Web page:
JD Wilkes

Show Review: J.D. Wilkes and the Legendary Shack Shakers Christen DC’s City Winery, Wild Rockabilly Hillbilly-Style

Show Reviews

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Friday night was fantasy come-to-life with J.D. Wilkes and the Legendary Shack Shakers onstage at the brand newly opened, four-story City Winery in Washington D.C.  With its inexpensive valet parking at a “city low” price of $10, you are in the door in no time and gazing up at the impressively elegant, and vast, new facility, with its vaulted ceilings, gleaming wood, and free wifi while you wait until your food comes, and before the bands start.  For anyone who doubted that Washington D.C. has a thriving live music scene, the opening of this venue dispels that myth once and for all. With its extensive wine menu, delicious food, and four stories — and four stages — this place is destined to be as much of a popular thriller as its brethren in NYC, Nashville, and Chicago.

BR549’s Chuck Mead opened the night, and showed off some skilled guitar playing.  The Shack Shakers, and J.D. Wilkes himself, were present in the room, listening to Mead’s set, and chatting breezily with fans who couldn’t resist pressing all around the magnetic Wilkes at the bar.  Meanwhile, Mead was accomplishing the rare feat of fingerpicking the guitar while singing, and several of the crowd took explicit notice, with one fan remarking: “even Hendrix couldn’t do that.”  Mead is currently involved with the musical Million Dollar Quartet which portrays the Sun Studio greats: Johnny Cash, Elvis Presley, Carl Perkins, and Jerry Lee Lewis.

After Mead was finished, the crowd was looking on with anticipatory delight at the stage setup, which provided visual intrigue all on its own.  For those of you who are new fans, you need to know that J.D. Wilkes is actually “Colonel J.D. Wilkes” of Paducah, Kentucky; and the gorgeous red banner with its crest attesting to that fact is hanging up onstage next to the equally wonderful red piano.  This piano is red with a painted scene, is on wheels and has made the trip from Kentucky, it’s a 64 key Tom Thumb piano, Wilkes will later tell the audience.  [We interviewed J.D. Wilkes last spring; if you’d like to read that, click any of these bolded words right here.]   Atop the piano is another alluring object, an ornamental small open wooden box, which, we’ll soon find out, holds curious smaller brass and shiny wondrous instruments.  The drum kit is set up so that drummer Preston Corn will be standing to play, and there’s the always fanciful stand-up bass awaiting Fuller Condon; and Gary Siperko’s waiting guitar is visually no slouch either.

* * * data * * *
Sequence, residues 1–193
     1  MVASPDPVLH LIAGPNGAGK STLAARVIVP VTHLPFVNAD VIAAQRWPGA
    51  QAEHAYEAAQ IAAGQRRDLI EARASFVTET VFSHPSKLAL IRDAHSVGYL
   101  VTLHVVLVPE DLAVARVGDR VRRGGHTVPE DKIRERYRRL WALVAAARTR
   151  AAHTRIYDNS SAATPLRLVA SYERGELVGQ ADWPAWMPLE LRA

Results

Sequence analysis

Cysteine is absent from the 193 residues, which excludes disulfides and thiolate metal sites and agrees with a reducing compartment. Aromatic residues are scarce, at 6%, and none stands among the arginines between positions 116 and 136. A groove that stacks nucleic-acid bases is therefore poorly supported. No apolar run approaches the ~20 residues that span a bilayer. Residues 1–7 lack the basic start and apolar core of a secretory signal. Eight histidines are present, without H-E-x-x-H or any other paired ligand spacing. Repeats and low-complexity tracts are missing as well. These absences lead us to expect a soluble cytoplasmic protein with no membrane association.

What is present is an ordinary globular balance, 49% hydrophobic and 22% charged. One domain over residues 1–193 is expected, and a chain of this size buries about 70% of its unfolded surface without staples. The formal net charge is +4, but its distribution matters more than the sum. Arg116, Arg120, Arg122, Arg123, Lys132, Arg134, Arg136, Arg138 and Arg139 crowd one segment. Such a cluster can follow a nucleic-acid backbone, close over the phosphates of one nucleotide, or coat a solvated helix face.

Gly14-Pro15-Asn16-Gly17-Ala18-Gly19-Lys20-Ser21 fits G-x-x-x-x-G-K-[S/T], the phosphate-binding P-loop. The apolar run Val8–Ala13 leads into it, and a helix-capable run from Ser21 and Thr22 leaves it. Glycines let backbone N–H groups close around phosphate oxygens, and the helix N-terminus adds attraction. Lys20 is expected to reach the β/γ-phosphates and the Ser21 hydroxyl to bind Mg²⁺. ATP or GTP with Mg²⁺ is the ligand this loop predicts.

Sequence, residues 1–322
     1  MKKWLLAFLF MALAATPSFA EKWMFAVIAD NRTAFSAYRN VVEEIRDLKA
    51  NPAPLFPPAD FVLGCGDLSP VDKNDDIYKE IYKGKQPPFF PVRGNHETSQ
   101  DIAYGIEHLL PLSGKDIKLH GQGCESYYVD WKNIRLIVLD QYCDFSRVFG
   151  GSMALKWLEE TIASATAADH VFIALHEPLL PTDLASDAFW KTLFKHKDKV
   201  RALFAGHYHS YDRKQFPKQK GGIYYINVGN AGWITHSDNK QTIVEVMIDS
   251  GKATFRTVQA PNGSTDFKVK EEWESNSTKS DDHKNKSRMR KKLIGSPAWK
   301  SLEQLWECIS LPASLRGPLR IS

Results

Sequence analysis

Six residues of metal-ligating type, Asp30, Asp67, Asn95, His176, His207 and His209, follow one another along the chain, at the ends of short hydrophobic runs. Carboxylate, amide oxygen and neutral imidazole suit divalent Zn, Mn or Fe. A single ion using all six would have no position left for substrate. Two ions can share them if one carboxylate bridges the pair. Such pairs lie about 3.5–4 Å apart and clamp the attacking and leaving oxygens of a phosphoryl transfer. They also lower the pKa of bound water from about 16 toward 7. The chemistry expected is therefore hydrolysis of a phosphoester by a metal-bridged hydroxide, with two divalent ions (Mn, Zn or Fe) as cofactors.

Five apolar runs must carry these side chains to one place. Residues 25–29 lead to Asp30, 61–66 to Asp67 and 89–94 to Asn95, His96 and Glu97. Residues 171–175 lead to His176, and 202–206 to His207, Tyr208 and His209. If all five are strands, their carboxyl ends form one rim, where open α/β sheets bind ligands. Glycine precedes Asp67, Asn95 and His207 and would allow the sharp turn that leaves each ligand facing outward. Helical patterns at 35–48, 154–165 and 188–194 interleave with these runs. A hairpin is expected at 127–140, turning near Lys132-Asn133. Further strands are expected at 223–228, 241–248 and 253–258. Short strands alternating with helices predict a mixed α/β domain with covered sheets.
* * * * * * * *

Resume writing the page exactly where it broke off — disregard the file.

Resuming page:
For a little more context, again in case you are a new fan, J.D. Wilkes is a multi-media artist.  His book The Vine That Ate the South is a southern legends thriller and he’s already working on the sequel.  His recent album Fire Dream (Big Legal Mess) has received rave reviews [to read our review of this click any of these bolded words right here] and his band the Legendary Shack Shakers also recently released their After You’ve Gone (Last Chance Records) only last fall [to read about that one, click one of these bolded words here.]  He also created the cover art for the Squirrel Nut Zippers’ new album Beasts of Burgundy (read about that by clicking bolded words right here.) At the merch table you can buy the book, some of the cds and albums, including a bluegrass banjo CD duet with Wilkes and the late Charlie Stamper.